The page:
All incoming students are required to take an Argument & Inquiry (A&I) seminar during their first fall term. Professors teach about 40 classes each year, and students get to choose their top choices. A September convocation devoted to A&I further introduces freshmen to liberal arts expectations. And it highlights what to expect for the next four years. Namely: more discussion, more writing, and more interdisciplinary learning.
A Foundation for Learning
“First-year students have widely different understandings of the phrase ‘liberal arts.’ It’s not a concept that is well defined by the media or by other sources,” says English professor George Shuffelton.
“The A&I seminars show that the liberal arts are a model of education that develops freedom of thought, the capacity for rigorous analysis, and the ability to express ideas clearly,” he continues. “That’s why we focus on inquiry — showing how scholars ask questions — and argument — practicing the skills of writing and discussion. We want to show first-years that these same skills can be applied differently in a wide variety of contexts and in many different disciplines.”
Building a Community in the Classroom
Classics professor Chico Zimmerman got the idea for “Living Like a Stoic,” a recent A&I seminar, after serving as an academic adviser. Zimmerman saw his first-year cohort struggle with emotional ups and downs often related to social media. He thought of stoicism, an ancient philosophy that teaches the development of self-control and rational perspective. By constructing a seminar around stoicism, Zimmerman wants to help freshmen think about, not just react to, the “roller coaster ride” at Carleton.
“First-years are so eager. They’re ready to go, ready to learn,” Zimmerman says. “But it’s important to make sure that they’re ready for all college is going to throw at them. I really wanted this class to give them something they could use emotionally in their day-to-day lives.”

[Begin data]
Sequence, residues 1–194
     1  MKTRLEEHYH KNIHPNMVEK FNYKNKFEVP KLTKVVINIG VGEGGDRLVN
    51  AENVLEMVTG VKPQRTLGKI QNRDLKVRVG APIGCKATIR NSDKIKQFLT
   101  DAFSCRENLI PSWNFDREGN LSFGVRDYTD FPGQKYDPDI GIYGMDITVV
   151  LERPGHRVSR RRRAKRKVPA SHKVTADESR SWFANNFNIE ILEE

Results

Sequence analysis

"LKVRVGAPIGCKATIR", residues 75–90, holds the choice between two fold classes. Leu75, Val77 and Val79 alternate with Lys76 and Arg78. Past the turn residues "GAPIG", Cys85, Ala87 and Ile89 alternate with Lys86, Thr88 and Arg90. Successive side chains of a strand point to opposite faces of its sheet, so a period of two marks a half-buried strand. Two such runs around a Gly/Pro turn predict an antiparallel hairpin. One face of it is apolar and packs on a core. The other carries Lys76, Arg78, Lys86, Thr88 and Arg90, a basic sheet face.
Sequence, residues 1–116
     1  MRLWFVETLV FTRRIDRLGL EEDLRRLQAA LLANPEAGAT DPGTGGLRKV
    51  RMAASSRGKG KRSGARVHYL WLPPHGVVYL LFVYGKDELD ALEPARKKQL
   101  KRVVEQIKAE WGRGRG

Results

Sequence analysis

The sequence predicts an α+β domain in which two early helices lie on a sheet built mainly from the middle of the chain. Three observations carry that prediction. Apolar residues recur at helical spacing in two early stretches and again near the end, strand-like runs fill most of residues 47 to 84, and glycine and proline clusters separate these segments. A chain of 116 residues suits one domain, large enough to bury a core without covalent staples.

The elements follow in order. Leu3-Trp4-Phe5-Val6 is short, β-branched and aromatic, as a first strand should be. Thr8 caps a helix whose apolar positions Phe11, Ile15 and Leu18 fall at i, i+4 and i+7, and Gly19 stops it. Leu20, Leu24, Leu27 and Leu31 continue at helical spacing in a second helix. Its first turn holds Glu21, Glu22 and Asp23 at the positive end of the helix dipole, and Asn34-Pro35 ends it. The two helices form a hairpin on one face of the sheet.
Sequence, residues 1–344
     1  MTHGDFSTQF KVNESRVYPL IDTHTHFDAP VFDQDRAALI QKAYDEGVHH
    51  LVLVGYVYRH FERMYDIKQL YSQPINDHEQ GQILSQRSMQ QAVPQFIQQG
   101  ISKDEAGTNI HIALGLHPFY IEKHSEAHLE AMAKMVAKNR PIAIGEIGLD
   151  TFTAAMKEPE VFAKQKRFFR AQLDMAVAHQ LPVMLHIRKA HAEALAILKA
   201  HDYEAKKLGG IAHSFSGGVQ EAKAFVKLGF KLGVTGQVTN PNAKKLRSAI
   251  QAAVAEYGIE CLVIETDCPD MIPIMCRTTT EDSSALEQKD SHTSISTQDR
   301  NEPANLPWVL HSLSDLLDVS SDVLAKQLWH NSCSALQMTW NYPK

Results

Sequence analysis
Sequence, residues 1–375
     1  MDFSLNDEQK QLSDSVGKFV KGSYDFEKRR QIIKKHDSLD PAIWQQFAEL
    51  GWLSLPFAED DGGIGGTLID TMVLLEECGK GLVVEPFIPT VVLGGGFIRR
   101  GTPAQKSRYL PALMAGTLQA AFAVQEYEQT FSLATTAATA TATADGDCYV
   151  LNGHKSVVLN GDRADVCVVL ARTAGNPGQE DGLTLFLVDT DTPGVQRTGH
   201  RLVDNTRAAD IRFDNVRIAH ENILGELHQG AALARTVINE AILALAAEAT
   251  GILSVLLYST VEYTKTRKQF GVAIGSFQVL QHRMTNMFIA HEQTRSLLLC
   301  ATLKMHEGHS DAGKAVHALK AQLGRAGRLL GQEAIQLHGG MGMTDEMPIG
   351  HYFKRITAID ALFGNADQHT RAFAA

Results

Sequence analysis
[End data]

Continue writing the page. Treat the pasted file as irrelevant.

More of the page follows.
The A&I format encourages small-group work and free-flowing dialogue, Zimmerman says. In order to build community among seminar participants, he asks students to share personal experiences, and encourages them to hand out “learning assists” when a peer helps them grasp a concept or learn in a new way.
“The only thing freshmen know is what they experienced in high school. I’m looking to build a discourse community, a community of shared learning,” Zimmerman says. “And so they often have to be told, ‘You’re not trying to impress me. You’re trying to learn something as a group — so help each other.’ ”
The New Standards
French professor Stephanie Cox says there is often an adjustment period for once-proud academic all-stars in “Growing Up Cross Culturally,” her A&I seminar. Students may lack confidence in small-group discussions, where perfect answers aren’t the end goal. They are often unsure about how to “interact with big questions,” Cox says.
Professors are intentional about using the seminars to introduce students to the realities of academic life at Carleton. Students who aced their assignments in high school quickly learn that there’s a different standard for college-level work. And that even your “best effort” often results in several rounds of revision. Students who previously sat quietly in class and avoided participating will find that they can’t hide in a room of 15.
“Obviously these students saw something in Carleton and it’s why they are here. But it takes awhile for freshmen to figure out our expectations and that it takes a lot of hard work to meet them. The A&I seminar helps to clear that up,” Cox says.
“In high school, you focus on the format and the form. Here, we want you to dance.”